School of Humanities and
(Formal & Functional Grammar)
Dr Dariush Izadi
Acknowledgement of the Country
Western Sydney University acknowledges the peoples
of the Darug, Tharawal, Eora and Wiradjuri nations. We
acknowledge that the teaching, learning and research
undertaken across our campuses continues the
teaching, learning and research that has occurred on
these lands for tens of thousands of years.
Coffin, C., Donohue, Jim, North, Sarah, &
Taylor & Francis. (2009). Exploring English
grammar: From formal to functional. London;
New York: Routledge.
In weeks 1 & 2 we explore:
1) word classes
2) rank and constituency
Weeks 1 &2: Chapter 1 of
Coffin, C., Donohue, Jim, North, Sarah, & Taylor & Francis.
(2009). Exploring English grammar: From formal to
functional. London; New York: Routledge.
Weeks 1 & 2
The focus of Halliday’s linguistic description (Functional
Grammar) is to answer the following question:
How does language work?
For Halliday (1978):
o language is a meaning-making resource
o Language as a meaning potential (e.g., there’s a police
officer near here)
o linguistics is the study of meaning in society
Halliday’s Functional Grammar
o On the other hand, formal grammar
focuses on the structure of language.
o Formal grammar is more concerned
with the correctness of language and
the way in which it conforms to
o E.g., There *is* a lot of people in this
What is grammar?
•‘Bad’ grammar vs ‘good’ grammar?
•Can start with word classes
•Can pull sentences apart – parsing
•Rules – determining and abiding by
A robust account of language needs descriptions of both form and function.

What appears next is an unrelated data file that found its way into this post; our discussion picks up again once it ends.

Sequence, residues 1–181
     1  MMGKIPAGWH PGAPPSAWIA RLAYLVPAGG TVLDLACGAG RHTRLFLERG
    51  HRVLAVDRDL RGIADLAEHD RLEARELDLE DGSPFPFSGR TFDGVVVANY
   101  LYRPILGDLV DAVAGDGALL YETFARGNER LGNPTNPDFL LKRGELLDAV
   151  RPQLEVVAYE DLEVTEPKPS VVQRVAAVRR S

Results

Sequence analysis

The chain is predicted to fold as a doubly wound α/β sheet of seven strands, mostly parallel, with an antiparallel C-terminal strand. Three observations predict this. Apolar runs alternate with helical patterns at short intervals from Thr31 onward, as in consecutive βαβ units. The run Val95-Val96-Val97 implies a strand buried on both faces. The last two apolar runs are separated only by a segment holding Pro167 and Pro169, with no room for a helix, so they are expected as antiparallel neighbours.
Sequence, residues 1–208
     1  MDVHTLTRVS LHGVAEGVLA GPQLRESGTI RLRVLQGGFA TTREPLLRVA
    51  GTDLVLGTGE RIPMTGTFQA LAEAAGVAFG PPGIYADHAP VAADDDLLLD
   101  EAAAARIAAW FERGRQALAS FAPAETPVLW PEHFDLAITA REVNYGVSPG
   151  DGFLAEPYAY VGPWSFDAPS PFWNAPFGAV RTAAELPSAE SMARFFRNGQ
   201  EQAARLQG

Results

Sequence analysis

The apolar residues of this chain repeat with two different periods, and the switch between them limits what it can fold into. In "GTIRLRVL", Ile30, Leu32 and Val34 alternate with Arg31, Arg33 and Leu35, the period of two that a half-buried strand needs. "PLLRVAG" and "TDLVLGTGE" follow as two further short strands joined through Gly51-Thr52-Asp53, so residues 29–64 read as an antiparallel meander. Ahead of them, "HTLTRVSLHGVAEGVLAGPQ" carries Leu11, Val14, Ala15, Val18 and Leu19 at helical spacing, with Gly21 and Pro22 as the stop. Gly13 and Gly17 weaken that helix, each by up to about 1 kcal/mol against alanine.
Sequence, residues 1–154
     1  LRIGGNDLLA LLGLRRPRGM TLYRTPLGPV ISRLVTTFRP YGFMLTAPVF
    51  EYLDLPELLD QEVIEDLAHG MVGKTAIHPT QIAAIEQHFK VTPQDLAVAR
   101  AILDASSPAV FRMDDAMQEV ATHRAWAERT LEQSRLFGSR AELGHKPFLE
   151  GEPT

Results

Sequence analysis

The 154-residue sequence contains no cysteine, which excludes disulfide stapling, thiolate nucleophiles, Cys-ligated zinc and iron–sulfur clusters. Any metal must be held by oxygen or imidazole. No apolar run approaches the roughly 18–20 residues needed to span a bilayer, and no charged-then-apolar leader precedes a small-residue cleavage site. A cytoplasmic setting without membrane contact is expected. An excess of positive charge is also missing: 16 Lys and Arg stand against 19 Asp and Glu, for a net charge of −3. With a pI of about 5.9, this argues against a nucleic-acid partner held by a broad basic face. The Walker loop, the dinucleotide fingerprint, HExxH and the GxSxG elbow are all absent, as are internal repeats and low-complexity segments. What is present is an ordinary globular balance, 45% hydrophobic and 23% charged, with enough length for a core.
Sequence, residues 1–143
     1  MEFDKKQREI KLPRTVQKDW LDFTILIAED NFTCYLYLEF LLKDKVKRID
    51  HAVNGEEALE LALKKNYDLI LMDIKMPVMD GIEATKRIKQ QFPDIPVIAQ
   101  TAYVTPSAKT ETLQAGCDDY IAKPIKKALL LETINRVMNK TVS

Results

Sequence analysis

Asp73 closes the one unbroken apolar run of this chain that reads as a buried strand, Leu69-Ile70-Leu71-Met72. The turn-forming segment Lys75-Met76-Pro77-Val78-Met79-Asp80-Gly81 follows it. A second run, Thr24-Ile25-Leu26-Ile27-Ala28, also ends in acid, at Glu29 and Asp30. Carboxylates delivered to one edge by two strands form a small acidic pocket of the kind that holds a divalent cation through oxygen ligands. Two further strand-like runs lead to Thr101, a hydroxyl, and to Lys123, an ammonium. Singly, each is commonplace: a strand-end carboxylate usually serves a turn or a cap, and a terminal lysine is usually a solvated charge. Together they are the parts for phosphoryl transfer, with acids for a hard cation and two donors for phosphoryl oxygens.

Let’s take one clause, from the then US president George W. Bush after 9/11
Enemies of freedom attacked our country.
Enemies of freedom
Actor (nominal group)
Process (verbal group)
Goal (nominal group)
Subject (noun phrases)
Object (noun phrase)
ii. Communicative, and
iii. Systemic functional.
Coffin et. al (2009, p. 8)
Perspectives on grammar
They focus on grammatical forms
but explore what these forms are
It reconsiders grammatical forms in terms of
which forms we use, in which contexts, for
Language as social semiotic
a) What is a semiotic system?
A system of signs that make meaning, e.g., language, art,
dance, music, dress etc.
b) What does ‘social semiotic’ mean?
oSocial here is synonymous with the “culture”.
oThe relationships between language and social structure
TASK 1: What’s going on here?
(Adapted from Jaworski & Coupland, 2014)
Read the following conversation between an 8-year-old daughter and her mother and
explain how it exemplifies the concept of language as social semiotic.
(NB: The interaction is talking place at the door and Mrs Thomson is the cleaner).
Task 2: Discussion question
1) In your group, decide how many word classes
there are in English, provide names and examples
2) Develop an explanation of what a word class is,
outlining why the term is/is not useful?
Each ‘part of speech’ is a word-class – a term that can be used
for classifying words as ‘nouns’, ‘verbs’, ‘adjectives’…
a) Nouns (emotion, loudness)
b) Adjectives (loud, emotional)
c) Adverbs (loudly, clearly, emotionally)
d) Verbs (run, walk, listen)
e) Conjunctions (and, or…)
f) Pronouns (him, her, his)
g) Interjections (yay, oh expressing emotions)
h) Prepositions (in, on, at…)
i) Determines (specifying things such as “the”, “his” and “one”
1) Develop an explanation of what a word class is, outlining why the terms is/is
o Identifying the word-class of words is a beginning, but its real value depends